Legislation filed in Texas could reform asset forfeiture, the involuntary sequestration of personal and private property.
Last Thursday, State Rep. Matt Schaefer (R–Tyler) introduced House Bill 1441, which relates “to the state’s burden of proof in certain asset forfeiture proceedings under the Code of Criminal Procedure.”
Asset forfeiture is used by law enforcement to seize cash, personal belongings, assets, or property based on the belief that the property is involved or perhaps involved in criminal activity. In the current system, very little proof is required from law enforcement, and seized assets often provide funding for the agency.
HB 1441 would prevent law enforcement from seizing an individual’s assets if they’re not involved with a crime or charged with one and would place the burden of proof onto the state. With the current system, the burden of proof rests with the accused, requiring them to prove they are not guilty, the property is innocent, and the owner was unaware of any criminal activity.
This isn’t the first asset forfeiture bill introduced by Schaefer.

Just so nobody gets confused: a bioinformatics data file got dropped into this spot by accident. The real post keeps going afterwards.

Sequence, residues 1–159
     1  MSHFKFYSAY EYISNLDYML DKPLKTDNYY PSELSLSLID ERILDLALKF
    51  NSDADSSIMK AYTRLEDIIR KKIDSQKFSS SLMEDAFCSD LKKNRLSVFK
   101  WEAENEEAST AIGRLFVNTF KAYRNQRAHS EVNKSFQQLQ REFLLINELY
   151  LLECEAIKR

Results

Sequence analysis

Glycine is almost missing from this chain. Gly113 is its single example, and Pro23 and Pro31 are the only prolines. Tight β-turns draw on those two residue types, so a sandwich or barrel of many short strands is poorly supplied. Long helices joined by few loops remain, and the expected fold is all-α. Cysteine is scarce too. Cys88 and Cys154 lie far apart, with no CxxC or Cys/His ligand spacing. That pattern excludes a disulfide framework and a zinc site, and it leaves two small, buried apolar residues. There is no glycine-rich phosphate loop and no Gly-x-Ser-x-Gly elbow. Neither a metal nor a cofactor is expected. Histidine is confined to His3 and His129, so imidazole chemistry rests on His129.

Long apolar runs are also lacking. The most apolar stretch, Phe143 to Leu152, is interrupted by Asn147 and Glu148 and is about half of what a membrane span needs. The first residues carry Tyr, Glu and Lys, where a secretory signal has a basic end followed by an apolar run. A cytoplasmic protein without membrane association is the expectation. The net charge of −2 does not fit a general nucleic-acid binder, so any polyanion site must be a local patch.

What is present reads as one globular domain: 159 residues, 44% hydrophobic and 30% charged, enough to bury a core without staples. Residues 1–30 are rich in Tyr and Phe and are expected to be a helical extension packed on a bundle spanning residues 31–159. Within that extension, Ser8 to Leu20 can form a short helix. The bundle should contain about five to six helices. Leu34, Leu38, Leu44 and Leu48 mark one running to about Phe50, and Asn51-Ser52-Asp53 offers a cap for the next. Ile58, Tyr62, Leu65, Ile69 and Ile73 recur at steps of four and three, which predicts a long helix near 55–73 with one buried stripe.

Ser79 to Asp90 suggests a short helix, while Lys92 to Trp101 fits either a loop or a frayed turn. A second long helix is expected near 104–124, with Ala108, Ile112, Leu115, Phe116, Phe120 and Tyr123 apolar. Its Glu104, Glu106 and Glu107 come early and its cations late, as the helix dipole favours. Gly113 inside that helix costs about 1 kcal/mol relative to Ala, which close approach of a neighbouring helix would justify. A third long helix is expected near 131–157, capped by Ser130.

Schaefer introduced a similar bill in the 85th Legislature, fighting alongside Democrat State Reps. Harold Dutton Jr. (Houston) and Terry Canales (Edinburg), who also introduced bills seeking to protect individuals not engaged in criminal activity from asset forfeiture.
In 2019, Texas ranked 47th in federal forfeiture between fiscal years 2019-2020, receiving $228 million from the Treasury Department and $515 million in equitable sharing proceeds from the Department of Justice. In 2019 alone, the DOJ equitable sharing totaled more than $18 million, and the Treasury Department totaled more than $7 million.
In 2017, the Texas Attorney General reported law enforcement agencies received $28 million, with more than $383,000 in interest and more than $3 million from the sale of forfeited property. Attorneys representing the state received more than $16 million, gaining more than $230,000 in interest and more than $1.5 million from the sale of forfeited property.
Currently, no companion legislation has been filed in the Texas Senate.